The path to the compiler is then
The examples were tested under Mac OS X 10.6.7 (Darwin 10.7.0 on x86_64), with the quartz version of GTK2. gtk2 and gfortran 4.6 were built using macports.
You will need:
You can install the dependencies manually or you can use the win32_install.bat script (only in the testwin32gtk* branches) for a semiautomatic installation (except PLplot). The latter requires only wget (http://gnuwin32.sourceforge.net/packages/wget.htm) and PLplot to be installed manually.
Windows binaries of PLplot are not distributed. Therefore you have to build your own binaries (after installation of MinGW and Cmake):
cmake -DCMAKE_INSTALL_PREFIX=<installation directory> -DCMAKE_C_COMPILER=gcc -G "MinGW Makefiles" ..(be careful to use NO space in
<installation directory>, e.g. C:\Program Files\PLplot will not work!!!)
<installation directory>\lib\plplot5.9.9\driversdto PATH
<installation directory>\lib\pkgconfigto PKG_CONFIG_PATH
gtk-fortran was successfully tested on the following Windows platforms:
You can also use the (unmaintained) test.bat script to compile all the libraries and examples.
The gtk-fortran developers are mainly working under linux, so do not expect excessive support. If you are a Windows developer, your help would be highly appreciated. You can also read this interesting page about using "GTK-Fortran with Code::Blocks IDE" under Windows 7 64bits, and also Creating a GUI using GTK3 and gtk-fortran. See also the Fortran Tools document in the Useful links section.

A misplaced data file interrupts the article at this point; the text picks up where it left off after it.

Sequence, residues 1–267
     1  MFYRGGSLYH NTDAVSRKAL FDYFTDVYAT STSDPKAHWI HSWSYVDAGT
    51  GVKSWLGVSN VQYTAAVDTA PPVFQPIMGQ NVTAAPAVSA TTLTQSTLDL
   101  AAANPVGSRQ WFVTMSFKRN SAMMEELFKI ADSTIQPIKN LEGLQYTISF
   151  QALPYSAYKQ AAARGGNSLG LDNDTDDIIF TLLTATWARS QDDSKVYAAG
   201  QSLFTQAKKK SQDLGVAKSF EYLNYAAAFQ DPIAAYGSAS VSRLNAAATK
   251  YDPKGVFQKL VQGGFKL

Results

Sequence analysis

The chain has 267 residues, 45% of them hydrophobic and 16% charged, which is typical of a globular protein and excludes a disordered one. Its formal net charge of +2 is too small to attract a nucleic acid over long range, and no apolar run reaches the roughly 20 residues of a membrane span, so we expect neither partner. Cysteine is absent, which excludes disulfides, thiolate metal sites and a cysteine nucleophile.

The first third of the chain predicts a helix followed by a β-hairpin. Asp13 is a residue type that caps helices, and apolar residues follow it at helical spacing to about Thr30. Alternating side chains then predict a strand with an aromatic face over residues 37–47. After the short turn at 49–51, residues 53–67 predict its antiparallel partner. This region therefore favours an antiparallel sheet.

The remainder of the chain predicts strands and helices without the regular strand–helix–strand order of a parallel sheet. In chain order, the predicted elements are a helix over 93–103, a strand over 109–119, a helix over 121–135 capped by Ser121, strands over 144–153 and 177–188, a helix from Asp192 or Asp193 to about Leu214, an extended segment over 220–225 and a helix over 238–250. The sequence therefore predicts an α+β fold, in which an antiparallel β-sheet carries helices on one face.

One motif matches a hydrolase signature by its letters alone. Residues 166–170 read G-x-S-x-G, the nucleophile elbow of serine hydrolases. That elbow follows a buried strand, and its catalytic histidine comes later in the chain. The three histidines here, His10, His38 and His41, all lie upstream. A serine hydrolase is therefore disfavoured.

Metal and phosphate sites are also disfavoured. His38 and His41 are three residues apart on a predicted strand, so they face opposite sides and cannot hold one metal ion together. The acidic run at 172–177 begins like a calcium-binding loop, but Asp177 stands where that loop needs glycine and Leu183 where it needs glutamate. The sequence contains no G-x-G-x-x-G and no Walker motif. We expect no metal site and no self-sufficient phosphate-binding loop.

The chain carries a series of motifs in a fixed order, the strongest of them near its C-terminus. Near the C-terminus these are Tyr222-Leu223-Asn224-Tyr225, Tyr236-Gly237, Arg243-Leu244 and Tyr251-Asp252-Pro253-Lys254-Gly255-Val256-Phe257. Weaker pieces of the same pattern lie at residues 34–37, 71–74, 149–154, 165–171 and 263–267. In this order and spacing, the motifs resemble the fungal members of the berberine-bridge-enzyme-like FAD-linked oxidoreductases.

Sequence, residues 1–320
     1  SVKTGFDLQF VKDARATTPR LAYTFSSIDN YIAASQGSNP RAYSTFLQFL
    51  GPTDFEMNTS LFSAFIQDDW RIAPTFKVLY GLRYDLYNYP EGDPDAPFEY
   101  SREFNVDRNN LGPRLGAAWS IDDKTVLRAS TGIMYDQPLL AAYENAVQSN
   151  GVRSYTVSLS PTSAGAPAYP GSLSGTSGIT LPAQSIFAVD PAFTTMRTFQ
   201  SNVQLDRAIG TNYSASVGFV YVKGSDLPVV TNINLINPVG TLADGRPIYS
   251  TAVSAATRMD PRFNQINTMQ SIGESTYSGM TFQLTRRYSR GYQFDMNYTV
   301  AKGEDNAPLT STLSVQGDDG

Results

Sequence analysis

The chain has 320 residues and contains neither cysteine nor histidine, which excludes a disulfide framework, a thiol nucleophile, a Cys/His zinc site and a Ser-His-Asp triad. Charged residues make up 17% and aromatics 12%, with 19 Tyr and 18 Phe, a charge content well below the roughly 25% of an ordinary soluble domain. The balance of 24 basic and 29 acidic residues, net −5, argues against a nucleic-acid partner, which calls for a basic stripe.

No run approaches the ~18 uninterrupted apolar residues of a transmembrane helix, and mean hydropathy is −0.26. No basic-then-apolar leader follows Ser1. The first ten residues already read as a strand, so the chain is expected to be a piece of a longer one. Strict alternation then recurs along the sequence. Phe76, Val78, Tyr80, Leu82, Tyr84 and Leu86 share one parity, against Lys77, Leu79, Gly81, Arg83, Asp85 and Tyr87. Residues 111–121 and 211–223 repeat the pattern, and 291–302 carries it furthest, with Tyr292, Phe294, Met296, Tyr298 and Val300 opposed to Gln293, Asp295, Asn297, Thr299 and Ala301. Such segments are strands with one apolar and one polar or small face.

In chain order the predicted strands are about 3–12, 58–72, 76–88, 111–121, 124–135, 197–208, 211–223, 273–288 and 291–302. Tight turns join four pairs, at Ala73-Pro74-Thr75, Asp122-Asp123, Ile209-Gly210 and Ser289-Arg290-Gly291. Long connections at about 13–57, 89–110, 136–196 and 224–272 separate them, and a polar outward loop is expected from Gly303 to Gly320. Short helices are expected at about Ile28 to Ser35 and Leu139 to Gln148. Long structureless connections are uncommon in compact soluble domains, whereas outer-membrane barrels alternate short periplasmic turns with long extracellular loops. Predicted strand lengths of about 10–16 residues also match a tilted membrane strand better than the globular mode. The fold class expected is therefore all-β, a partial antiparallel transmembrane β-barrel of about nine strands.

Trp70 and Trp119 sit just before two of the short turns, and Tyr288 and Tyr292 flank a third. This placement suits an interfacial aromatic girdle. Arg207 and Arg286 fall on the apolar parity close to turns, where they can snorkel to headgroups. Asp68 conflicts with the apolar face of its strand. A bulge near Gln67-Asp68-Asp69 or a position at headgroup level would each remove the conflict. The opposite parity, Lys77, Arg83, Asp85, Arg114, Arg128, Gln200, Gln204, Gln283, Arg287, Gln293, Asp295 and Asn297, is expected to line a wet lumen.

The best way is to use CMake: follow the instructions of the "INSTALL" file. If you do not have CMake, you can alternatively use the test.sh bash script to compile all the library and all examples using gfortran (there is also test95.sh for g95, but it is not maintained).
Use CMake via win32_install.bat or alternatively the (unmaintained) test.bat script to compile all the libraries and examples (more details in the installation section).
Concerning the names of the modules you need, you can generally just look at the beginning of the names of the functions you use: gtk_window_new is in the gtk module, cairo_curve_to is in cairo... Note that all enumerators are currently in the gtk module.
gtk-fortran modules offering interfaces to more than 9000 functions, you should add to your USE statements the ONLY option, e.g.:
use gtk, only: gtk_init, gtk_window_new, GTK_WINDOW_TOPLEVEL, gtk_window_set_title, & & gtk_container_set_border_width, g_signal_connect, gtk_hbox_new, gtk_container_add, & & gtk_button_new_with_label, gtk_box_pack_start, gtk_widget_show, gtk_main, FALSE, & & CNULL, TRUE
The compilation time will be ten times faster than with a simple "use gtk" statement ! To help you, the usemodules.pl perl script can scan your Fortran source files for GTK+ and related library functions and generate the required USE statements. For more informations type:
perl usemodules.pl --help
Note also that the compilation time with gfortran 4.6 under Windows is ten times longer than under Linux (why ?)
See also the Issues page.
Gtk-fortran is licensed under GNU General Public License version 3.
The wiki documentation is under the GNU Free Documentation License 1.3. The gtk-fortran logo uses the GTK+ logo (by Andreas Nilsson) and so is also under GNU Free Documentation License Version 1.2 or later & Creative Commons Attribution-Share Alike 3.0 Unported license. The font is DejaVu Sans, a font under a free license.